Derek Parr, FINA Media Committee member

Olympic champion Shi Tingmao retained her world 3m springboard crown in style for her second gold in Budapest and presented China with their seventh diving title of the 11 so far contested at the 17th FINA World Championships.

Shi was in a class of her own, leading throughout the five-round final, and won by a handsome 24 points in a Chinese one-two with Wang Han, with Canada’s Jennifer Abel prevailing in the battle for bronze.

Shi thus matched the golden double of 3m and 3m synchro she achieved at the 2016 Rio Olympics, having triumphed in the Budapest 3m synchro final with Chang Yani. She also became the first woman since Guo Jingjing in 2008/2009 to follow an Olympic victory in the 3m with a world title the following year.

Shi Tingmao (CHN) - Photo by Giorgio Scala/Deepbluemedia

In each round of the final except the second, Shi scored the highest mark, her consistent brilliance ensuring her gold medal was never in doubt, just as the silver was always going to go to Wang. 

For Wang it was the sixth medal at the Worlds, following 1m bronze in 2009, 1m silver behind Shi in 2011, 3m silver and 1m bronze in 2013 and mixed 3m synchro gold in 2015.

Abel and Canadian team-mate Pamela Ware, respectively world 3m bronze medallists in 2011 and 2013, had been the closest challengers to Shi and Wang in the preceding day’s semi-final but, while Abel was able to claim her second Budapest medal after a silver in the 3m synchro, Ware dropped off the pace in the fourth round and could finish only sixth.

Shi retained her title with 383.50 points – almost the same as the 383.55 with which she won in 2015. Wang was second on 359.40 and Abel third on 351.55.

Grace Reid of Great Britain moved up to fourth in the final round on 336.70, just ahead of new 1m champion Maddison Keeney of Australia. European 1m champion and Budapest bronze medallist Elena Bertocch of Italy failed to get past the 3m preliminary round.

It was the ninth time in succession that China had won the event at the Worlds, the last non-Chinese winner having been Yulia Pakhalina of Russia in 1998.

Jennifer Abel (CAN) - Photo by Giorgio Scala/Deepbluemedia

Men’s 10m platform

China’s hold on the men’s platform title looked surprisingly shaky, with Olympic champion Chen Aisen unusually error-prone in the semi-final and Yang Jian qualifying for the final deep down the order as Aleksandr Bondar of Russia and 2009 world champion Tom Daley of Great Britain led the way.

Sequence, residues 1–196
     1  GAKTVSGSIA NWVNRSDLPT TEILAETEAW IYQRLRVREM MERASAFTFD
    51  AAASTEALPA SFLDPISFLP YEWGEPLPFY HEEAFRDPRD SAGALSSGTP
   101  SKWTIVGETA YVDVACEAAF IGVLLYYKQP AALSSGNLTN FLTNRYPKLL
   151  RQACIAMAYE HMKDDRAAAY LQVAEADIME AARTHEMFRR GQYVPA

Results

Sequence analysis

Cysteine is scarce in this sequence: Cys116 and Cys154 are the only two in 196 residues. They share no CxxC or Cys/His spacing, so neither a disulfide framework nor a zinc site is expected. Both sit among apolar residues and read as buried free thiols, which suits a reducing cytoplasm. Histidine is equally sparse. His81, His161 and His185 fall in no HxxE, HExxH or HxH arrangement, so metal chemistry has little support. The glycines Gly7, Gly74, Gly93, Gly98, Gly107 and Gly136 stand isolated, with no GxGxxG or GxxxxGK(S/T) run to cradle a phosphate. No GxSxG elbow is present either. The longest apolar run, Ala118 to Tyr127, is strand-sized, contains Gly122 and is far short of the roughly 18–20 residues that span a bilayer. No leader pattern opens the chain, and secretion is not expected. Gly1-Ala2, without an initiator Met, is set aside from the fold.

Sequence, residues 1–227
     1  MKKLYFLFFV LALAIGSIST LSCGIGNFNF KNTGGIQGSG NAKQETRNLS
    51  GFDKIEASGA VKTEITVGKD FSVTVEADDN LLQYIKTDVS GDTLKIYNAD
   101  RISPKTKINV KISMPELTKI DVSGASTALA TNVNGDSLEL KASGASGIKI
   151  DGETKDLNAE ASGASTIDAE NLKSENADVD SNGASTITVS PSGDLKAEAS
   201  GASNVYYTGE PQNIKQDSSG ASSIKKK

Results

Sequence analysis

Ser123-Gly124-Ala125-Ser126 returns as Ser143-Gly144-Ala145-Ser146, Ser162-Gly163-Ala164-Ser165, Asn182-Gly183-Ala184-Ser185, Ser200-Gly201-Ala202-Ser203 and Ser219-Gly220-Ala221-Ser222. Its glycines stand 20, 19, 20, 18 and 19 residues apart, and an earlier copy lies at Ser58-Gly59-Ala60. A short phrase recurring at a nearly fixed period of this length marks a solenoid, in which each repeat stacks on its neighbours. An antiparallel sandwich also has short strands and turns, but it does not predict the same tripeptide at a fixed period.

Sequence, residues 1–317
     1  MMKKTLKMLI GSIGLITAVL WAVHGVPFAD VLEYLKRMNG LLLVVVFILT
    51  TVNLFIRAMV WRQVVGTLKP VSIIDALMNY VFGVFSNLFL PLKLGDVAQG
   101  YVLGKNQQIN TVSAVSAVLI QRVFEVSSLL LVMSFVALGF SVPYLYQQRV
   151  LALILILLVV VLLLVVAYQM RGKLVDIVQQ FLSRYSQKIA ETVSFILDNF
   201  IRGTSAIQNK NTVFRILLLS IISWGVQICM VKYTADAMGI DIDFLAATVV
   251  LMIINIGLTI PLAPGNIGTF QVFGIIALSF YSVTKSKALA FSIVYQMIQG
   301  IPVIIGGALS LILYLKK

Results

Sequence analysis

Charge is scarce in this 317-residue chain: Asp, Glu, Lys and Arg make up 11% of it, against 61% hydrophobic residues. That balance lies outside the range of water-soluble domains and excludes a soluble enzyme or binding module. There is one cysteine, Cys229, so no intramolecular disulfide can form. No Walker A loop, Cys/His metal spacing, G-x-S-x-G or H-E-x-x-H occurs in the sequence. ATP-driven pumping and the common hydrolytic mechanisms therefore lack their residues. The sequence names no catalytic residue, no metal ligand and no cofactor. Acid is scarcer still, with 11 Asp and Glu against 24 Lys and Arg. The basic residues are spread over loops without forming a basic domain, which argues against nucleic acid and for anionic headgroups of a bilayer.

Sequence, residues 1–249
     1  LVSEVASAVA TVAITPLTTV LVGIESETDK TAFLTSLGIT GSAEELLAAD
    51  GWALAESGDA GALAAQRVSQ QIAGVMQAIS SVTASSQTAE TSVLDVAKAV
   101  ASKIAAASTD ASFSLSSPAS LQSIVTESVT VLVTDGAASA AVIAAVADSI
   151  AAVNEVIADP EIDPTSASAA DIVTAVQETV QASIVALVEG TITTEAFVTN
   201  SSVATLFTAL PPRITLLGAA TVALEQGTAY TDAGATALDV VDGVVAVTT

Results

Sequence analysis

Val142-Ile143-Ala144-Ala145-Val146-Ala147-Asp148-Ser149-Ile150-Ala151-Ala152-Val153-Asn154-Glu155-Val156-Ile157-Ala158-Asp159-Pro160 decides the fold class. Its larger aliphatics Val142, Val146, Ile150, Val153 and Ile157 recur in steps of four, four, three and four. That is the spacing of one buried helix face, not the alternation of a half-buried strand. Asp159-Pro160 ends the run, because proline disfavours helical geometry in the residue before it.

It had all looked different in the preliminary round earlier in the day when Chen emphatically outscored his rivals as he targeted a second title in the Duna Arena.

Chen, who won the Budapest 10m synchro with Yang Hao, amassed nearly 32 points more than second-placed  Yang in the preliminary round, with Daley some 38 points behind the leader and nobody else within 60 points of Chen over the six rounds.

Yang and Chen were one and two after the first round of the semi-final but the picture changed drastically in the second round with both plunging down the order after faulty dives left Yang seventh and Chen equal 13th

Chen recovered to take third place but Yang kept making errors and ended up 11th of the 12 qualifiers, 67.35 points adrift of Bondar and relieved that the scores will revert to zero for the final.

Bondar, a Budapest silver medallist in the 10m synchro when he and Viktor Minibaev were runners-up to Chen and Yang Hao, led from the second round onwards and amassed 509.10 points from his six dives. Daley chalked up 498.65 and Chen 488.55, with Yang back on 441.75. 

China, who achieved a clean sweep of all 10 diving titles at the 2011 Shanghai Worlds, have dropped four of the 11 so far contested in Budapest – the women’s 1m won by Australia’s Maddison Keeney, the men’s 3m synchro won by Russia’s Evgeny Kuznetsov and Ilia Zakharov,  the mixed team event won by Laura Marinou and Matthieu Rosset of France – the first French world championship diving medal of any colour - and the women’s 10m won by Jun Hoong Cheong, Malaysia’s first-ever world diving crown. 

They won 10 out of 13 in an extended programme in Kazan in 2015, a total they cannot equal in Budapest.